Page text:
Across these 10 tracks, Simz utilises her most valuable commodity: honesty. Having stripped away the narrative cloak that shrouded the highlights of ‘Stillness In Wonderland’, she’s crafted a knockout record – and finally come true on her early promise. This is the best rap record of the year so far”.
IN THIS PHOTO: Sharon Van Etten/PHOTO CREDIT: Getty Images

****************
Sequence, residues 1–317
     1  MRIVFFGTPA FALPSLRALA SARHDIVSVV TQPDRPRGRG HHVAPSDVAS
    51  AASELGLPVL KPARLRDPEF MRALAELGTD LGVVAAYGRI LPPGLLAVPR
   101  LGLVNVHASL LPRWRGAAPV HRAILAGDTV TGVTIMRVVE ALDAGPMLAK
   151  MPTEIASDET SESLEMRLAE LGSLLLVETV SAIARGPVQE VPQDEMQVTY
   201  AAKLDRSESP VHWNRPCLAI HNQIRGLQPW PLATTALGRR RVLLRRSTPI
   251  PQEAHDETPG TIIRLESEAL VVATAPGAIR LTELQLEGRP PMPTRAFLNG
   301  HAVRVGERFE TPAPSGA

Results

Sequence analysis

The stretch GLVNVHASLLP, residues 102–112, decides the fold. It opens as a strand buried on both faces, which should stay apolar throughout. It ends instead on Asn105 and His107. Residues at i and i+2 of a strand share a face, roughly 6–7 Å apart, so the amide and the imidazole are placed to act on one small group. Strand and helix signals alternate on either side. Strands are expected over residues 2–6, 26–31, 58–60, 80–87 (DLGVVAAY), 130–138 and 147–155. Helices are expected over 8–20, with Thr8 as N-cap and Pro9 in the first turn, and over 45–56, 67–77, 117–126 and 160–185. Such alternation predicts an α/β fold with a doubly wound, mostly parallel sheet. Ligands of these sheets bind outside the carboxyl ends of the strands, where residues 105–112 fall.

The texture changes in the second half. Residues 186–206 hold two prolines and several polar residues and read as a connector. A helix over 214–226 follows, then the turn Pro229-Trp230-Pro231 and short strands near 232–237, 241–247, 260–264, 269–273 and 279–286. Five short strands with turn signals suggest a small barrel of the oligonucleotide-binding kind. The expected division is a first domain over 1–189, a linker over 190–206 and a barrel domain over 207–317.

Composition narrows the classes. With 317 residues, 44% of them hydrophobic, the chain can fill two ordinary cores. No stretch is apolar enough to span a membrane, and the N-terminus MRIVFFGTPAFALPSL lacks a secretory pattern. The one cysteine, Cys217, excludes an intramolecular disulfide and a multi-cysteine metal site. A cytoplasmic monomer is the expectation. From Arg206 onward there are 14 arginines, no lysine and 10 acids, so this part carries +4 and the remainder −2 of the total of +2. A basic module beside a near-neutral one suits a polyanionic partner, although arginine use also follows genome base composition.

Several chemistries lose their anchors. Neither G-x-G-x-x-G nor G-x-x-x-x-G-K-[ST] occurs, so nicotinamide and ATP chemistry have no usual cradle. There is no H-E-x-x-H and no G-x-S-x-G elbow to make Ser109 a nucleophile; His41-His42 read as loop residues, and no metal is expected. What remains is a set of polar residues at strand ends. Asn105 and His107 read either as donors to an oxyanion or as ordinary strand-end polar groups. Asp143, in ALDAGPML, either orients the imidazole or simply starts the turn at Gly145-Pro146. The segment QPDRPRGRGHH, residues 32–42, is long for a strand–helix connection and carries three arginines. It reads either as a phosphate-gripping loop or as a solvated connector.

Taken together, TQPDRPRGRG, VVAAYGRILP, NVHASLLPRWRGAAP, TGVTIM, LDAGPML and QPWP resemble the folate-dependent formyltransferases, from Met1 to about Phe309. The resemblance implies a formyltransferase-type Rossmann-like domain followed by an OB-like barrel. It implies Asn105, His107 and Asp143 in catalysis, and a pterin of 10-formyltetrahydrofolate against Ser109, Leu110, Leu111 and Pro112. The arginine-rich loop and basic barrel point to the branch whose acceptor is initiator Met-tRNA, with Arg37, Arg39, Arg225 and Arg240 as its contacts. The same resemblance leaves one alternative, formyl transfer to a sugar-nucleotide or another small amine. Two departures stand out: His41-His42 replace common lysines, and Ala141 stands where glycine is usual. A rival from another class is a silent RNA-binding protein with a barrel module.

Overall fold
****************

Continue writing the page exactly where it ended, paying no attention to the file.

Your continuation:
It is not completely female-dominated at the moment but I am seeing this wave come through that is very different to music made by the guys. I have not even mentioned Sharon Van Etten and her excellent album, Remind Me Tomorrow. It has also scored wonderful reviews and I think it is because of the sense of personal and inventive. The best songwriters of the moment are breaking from Pop tropes and bringing more personality, story and intelligence to the party. I think Van Etten has always been this way as a writer but she has experienced a lot of change over the past few years. Motherhood, a sense of fear and dislocation have affected her work and her spectrum is much broader and interesting then most of the mainstream. I have mentioned some great albums but there is a definite feeling that, along with a narrative change, there is a sonic shift. I feel the mainstream and bigger Pop artists hold less sway because their songs, largely, are not as original and deep as those I have mentioned. Ariana Grande’s thank u, next impressed critics and it is one of the strongest Pop albums that has been released recently. She is someone who avoids a lot of the worst traits of modern Pop and creates something with incredible eclecticism and flair. Her lyrics are stronger and less formulaic than a lot of her peers and she is setting an example. As much as I love the best albums of the year, I think there is a sense of lacking fun and catchiness.